A sea change for trash as jelly art
- Published: September 24, 2013
What are jellyfish made of anyway? Those currently swimming in the brine of academic discovery at Antioch College’s McGregor Hall are created from plastic bags, recycled metal, used wires and other found objects. The show, Tossed and Found: Mining the Material Stream, features the work of artists Curtis Goldstein and Doug Calisch, whose works, “through the manipulation of discarded matter, reveal [their] intrinsic qualities while transcending aesthetic and cultural boundaries,” according to creative director of the Herndon Gallery Dennie Eagleson.
The exhibit will continue through Nov. 15.
Goldstein is a recent MFA graduate from the University of Cincinnati and an Antioch College summer artist in residence. Calisch is professor of art and department chair at Wabash College in Crawfordsville, Ind. Both artists began their creative process as scavengers, though their material sources differ somewhat; Calisch searches for old tools, architectural elements, scientific illustrations, and natural artifacts in abandoned buildings and junk stores. Goldstein explores post-consumer waste streams for objects “stripped of glamour, mystique, and marketing strategies,” according to the Antioch College News archives.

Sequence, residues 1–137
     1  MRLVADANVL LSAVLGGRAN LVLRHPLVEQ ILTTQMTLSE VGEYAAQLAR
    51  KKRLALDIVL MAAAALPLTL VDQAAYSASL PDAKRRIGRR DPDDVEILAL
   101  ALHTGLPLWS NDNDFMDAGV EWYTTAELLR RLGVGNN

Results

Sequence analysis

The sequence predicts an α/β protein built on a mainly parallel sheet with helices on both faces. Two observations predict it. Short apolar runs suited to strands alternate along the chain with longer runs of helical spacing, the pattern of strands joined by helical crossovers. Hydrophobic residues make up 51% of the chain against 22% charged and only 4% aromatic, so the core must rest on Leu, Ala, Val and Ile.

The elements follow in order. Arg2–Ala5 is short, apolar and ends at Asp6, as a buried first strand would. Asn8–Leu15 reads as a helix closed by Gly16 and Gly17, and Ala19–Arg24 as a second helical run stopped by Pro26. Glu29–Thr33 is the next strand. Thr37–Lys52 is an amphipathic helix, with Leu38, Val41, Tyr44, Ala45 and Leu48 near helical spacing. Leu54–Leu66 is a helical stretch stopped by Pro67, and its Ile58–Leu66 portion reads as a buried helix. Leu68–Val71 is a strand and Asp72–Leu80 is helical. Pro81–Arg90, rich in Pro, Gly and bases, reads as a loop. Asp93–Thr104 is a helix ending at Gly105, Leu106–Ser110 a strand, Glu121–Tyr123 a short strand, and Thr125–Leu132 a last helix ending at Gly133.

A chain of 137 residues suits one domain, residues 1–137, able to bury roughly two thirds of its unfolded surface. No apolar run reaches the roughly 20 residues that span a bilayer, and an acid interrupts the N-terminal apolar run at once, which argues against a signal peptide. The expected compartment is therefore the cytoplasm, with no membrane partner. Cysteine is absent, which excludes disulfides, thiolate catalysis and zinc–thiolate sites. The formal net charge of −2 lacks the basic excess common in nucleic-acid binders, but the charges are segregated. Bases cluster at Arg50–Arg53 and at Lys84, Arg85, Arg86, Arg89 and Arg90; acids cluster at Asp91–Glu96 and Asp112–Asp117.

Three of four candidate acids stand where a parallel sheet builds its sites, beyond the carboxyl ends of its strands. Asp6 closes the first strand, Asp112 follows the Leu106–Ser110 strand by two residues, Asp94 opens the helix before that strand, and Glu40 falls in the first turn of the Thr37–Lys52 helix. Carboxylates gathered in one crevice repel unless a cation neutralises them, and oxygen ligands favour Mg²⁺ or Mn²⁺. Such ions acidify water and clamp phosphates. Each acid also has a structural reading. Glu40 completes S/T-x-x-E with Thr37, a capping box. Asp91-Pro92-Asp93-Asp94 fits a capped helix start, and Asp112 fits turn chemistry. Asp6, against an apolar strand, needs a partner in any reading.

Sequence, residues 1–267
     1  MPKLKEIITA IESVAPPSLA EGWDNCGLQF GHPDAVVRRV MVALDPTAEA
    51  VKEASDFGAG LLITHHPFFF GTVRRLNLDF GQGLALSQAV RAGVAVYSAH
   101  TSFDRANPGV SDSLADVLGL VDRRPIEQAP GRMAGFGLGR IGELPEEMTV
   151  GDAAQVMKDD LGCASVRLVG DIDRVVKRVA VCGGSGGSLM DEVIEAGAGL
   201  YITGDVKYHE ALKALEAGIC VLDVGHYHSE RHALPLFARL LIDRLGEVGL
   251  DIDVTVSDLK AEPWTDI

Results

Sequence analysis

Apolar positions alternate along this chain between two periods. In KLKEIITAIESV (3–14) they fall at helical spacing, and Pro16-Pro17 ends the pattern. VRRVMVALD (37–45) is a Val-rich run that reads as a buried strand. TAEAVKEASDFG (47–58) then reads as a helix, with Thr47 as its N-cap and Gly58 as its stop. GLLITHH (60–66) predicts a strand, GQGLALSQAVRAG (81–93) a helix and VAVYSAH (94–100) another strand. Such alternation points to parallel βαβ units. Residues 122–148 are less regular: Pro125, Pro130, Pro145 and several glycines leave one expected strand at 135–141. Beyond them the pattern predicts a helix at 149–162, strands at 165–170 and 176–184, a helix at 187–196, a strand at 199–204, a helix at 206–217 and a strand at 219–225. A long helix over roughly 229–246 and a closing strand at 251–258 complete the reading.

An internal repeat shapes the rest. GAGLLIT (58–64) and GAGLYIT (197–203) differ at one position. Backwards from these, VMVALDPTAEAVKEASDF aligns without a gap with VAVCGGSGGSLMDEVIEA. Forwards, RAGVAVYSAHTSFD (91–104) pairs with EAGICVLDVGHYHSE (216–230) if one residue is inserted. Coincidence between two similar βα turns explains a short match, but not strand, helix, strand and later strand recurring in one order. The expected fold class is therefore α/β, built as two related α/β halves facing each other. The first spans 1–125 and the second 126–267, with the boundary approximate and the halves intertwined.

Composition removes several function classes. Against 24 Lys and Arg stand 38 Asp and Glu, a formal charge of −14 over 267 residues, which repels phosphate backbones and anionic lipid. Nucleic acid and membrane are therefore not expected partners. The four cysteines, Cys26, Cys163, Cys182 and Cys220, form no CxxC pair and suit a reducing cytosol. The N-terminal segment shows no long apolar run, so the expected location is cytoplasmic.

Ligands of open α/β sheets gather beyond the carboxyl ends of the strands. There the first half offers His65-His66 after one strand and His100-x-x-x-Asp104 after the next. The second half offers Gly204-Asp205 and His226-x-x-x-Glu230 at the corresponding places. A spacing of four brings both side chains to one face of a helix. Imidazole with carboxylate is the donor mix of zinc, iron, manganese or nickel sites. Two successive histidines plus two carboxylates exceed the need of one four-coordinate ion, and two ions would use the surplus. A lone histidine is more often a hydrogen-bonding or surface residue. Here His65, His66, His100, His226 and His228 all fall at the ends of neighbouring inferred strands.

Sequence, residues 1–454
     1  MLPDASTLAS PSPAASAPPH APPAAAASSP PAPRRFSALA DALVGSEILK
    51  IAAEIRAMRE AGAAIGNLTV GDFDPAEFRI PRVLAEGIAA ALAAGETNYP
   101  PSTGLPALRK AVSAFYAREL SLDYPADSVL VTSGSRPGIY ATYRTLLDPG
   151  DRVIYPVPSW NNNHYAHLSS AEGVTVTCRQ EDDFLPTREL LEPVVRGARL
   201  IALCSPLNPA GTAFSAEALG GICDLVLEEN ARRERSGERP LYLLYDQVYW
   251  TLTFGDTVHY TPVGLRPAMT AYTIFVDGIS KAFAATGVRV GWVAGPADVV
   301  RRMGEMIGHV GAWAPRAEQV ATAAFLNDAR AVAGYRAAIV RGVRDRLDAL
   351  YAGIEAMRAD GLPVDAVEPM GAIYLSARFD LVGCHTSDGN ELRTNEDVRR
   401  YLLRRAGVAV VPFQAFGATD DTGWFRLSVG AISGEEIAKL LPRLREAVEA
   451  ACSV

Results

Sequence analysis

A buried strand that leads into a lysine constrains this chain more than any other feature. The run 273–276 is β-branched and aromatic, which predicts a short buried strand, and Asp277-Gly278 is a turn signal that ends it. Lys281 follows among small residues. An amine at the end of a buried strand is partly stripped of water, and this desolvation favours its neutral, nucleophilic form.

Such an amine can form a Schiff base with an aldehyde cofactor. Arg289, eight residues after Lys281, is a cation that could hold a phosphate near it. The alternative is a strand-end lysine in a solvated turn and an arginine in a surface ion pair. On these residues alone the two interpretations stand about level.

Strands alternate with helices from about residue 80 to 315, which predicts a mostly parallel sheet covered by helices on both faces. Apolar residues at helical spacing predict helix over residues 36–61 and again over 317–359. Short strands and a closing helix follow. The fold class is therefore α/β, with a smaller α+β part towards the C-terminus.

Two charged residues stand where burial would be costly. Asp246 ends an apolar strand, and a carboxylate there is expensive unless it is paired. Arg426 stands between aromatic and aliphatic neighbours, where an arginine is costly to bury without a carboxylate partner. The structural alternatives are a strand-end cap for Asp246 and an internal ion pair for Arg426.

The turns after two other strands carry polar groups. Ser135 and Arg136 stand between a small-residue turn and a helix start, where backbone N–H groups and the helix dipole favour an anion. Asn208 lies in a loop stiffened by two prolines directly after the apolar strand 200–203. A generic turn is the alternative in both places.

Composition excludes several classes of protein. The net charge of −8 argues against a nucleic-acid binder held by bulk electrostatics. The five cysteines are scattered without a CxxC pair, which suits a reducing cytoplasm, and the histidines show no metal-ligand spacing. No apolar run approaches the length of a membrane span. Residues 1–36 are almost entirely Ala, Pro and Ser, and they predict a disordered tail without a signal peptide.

The current exhibit also features selected work from Antioch students participating in a class titled, The Ends of Trash, taught by Goldstein. In the course, students study the history of trash, contemporary waste treatment methods, and use discarded materials like paper and plastics to create evocative artistic objects.
The gallery will celebrate the closing of the exhibition on Nov. 15, with a dialogue between Calisch and Goldstein about their art practices. The closing reception will begin at 7:30 p.m. All events are free and open to the public.
Gallery hours are Tuesday through Saturday, from 1 to 4 p.m. The gallery will be closed for quarter break the week of Sept. 23.